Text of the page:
The ultimate concept ride, the Washington Area Bicyclist Association (WABA) put their creativity to work and pulled off a socially distanced edition of the 50 States Ride – a here, there, and everywhere course that traverses all four D.C. quadrants and covers all streets named after states (except D.C., that’s a pending addition).
Despite having participated in this ride a few times, and knowing full well it would be a 65-mile stop-and-go affair while following almost 20 pages of cues, I convinced Felkerino and myself that this would be a great idea and we signed up.
WABA worked hard to incorporate pandemic precautions into this event. The overall registration number was reduced by around half (I think?), with a cap of 375 total riders. Riders selected from two pre-established start windows (a 7:30 a.m. wave, and an 8:30 a.m. wave) of around 45 minutes, and could choose to join the course from four or five different locations around the city.
The WABA team had packaged the event swag for all registrants into petite event fanny packs (including putting the cue sheet in a nice baggie in case of rain!) so you could just grab one and go after completing the no-contact sign-in.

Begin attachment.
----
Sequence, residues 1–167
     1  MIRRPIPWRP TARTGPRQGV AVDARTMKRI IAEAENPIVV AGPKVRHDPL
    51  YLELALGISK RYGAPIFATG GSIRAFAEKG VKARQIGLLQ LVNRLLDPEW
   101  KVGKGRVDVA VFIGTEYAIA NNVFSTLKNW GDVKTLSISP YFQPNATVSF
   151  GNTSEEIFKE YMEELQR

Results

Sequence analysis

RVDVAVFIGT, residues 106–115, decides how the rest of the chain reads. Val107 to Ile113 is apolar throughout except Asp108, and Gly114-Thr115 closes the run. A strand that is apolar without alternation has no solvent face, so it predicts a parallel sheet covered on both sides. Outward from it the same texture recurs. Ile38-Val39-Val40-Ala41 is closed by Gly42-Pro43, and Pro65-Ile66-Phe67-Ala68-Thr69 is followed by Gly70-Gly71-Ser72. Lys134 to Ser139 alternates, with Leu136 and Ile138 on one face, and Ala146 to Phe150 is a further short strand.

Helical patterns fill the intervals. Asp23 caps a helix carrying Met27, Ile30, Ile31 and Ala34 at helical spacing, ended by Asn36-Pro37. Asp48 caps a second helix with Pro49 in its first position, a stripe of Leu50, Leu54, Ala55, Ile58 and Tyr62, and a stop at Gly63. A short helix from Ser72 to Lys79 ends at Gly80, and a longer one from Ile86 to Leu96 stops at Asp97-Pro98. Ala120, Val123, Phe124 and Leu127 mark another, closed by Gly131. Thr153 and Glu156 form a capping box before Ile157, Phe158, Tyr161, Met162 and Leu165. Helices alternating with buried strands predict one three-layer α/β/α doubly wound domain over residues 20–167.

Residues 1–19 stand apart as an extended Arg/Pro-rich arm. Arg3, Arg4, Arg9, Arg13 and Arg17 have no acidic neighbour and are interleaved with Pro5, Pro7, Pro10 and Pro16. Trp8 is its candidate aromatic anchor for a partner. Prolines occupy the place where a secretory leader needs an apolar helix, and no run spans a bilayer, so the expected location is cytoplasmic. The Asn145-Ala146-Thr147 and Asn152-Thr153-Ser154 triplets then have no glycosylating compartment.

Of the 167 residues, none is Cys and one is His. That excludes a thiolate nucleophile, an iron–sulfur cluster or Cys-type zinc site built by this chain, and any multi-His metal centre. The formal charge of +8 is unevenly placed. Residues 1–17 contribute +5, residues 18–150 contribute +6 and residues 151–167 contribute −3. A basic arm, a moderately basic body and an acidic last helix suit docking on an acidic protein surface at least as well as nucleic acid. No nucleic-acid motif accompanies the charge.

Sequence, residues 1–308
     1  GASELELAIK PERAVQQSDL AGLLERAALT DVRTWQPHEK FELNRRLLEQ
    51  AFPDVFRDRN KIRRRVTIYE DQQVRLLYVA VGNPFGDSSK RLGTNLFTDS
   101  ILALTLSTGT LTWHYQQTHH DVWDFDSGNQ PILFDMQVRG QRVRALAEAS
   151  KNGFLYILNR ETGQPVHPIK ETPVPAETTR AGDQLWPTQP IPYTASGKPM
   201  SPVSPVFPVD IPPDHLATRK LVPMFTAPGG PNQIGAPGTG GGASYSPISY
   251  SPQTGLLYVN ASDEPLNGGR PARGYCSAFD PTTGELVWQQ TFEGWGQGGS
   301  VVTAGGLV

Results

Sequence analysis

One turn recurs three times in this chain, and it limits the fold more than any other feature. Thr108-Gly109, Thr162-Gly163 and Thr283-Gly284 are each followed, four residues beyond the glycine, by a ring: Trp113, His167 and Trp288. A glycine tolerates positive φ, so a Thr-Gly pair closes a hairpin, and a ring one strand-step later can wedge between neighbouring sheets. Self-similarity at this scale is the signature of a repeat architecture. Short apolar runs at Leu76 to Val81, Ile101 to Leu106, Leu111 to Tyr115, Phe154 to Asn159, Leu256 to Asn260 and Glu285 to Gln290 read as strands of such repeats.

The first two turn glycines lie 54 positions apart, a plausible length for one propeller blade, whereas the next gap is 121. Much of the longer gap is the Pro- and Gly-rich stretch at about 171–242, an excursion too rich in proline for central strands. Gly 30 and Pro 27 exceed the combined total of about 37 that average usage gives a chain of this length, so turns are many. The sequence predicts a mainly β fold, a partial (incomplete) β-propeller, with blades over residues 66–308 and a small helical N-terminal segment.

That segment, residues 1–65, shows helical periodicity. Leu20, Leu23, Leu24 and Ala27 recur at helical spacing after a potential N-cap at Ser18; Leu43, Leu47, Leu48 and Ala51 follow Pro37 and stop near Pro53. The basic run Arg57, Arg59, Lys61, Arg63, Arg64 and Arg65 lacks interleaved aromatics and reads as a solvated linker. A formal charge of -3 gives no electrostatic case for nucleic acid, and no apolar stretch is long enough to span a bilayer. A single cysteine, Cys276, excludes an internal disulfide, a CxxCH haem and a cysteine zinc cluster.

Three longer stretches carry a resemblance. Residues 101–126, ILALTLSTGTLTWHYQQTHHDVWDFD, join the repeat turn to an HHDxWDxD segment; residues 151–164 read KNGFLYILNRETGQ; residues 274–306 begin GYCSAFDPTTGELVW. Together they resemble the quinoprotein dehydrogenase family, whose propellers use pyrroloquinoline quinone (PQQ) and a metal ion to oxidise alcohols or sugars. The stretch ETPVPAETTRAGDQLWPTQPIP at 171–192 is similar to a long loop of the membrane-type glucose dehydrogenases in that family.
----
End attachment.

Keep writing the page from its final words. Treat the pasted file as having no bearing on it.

The various rest stops throughout were located in national parks. Food was laid out on long tables and riders could easily retrieve them. Each stop was well-stocked with sanitizer, water, and snacks. The WABA team had also thought to install a porta potty at each location, too.
Weather for the ride was nearly ideal. Overcast sky was the theme of the day, but the clouds never did more than spit on us, and the temperatures were in the mid-60s with a very light southerly breeze.
Felkerino and I chose to begin the ride from the Anacostia stop in Southeast, since it’s a couple of miles from home. This start also set up well terrain-wise, as you take on the hillier sections of the course on the front end of the day, and are rewarded with trending downhill to flat for the last 20 miles.
The reduced ridership and distributed start, both in terms of start windows and locations, meant that I didn’t spend 65 miles with the constant worry that I would run into someone else’s wheel or that someone would rear-end me. In addition, it was a treat to pop on over to Anacostia and begin, rather than roll to what has been the traditional start location in Adams Morgan.
Felkerino and I rode the event with Sheun, who we met on the ride. She was also doing the 50 States Ride for the first time, which was very exciting for us veterans. Even though it’s always nice to ride with Felkerino, meeting someone new who was good company and kept a pace similar to ours added an additional element of enjoyment to the ride.
Our copacetic group of three slowly but steadily worked our way from one state street to the next, quadrant to quadrant. (For a full decription of the route by another rider, please check out Rootchopper’s summary.)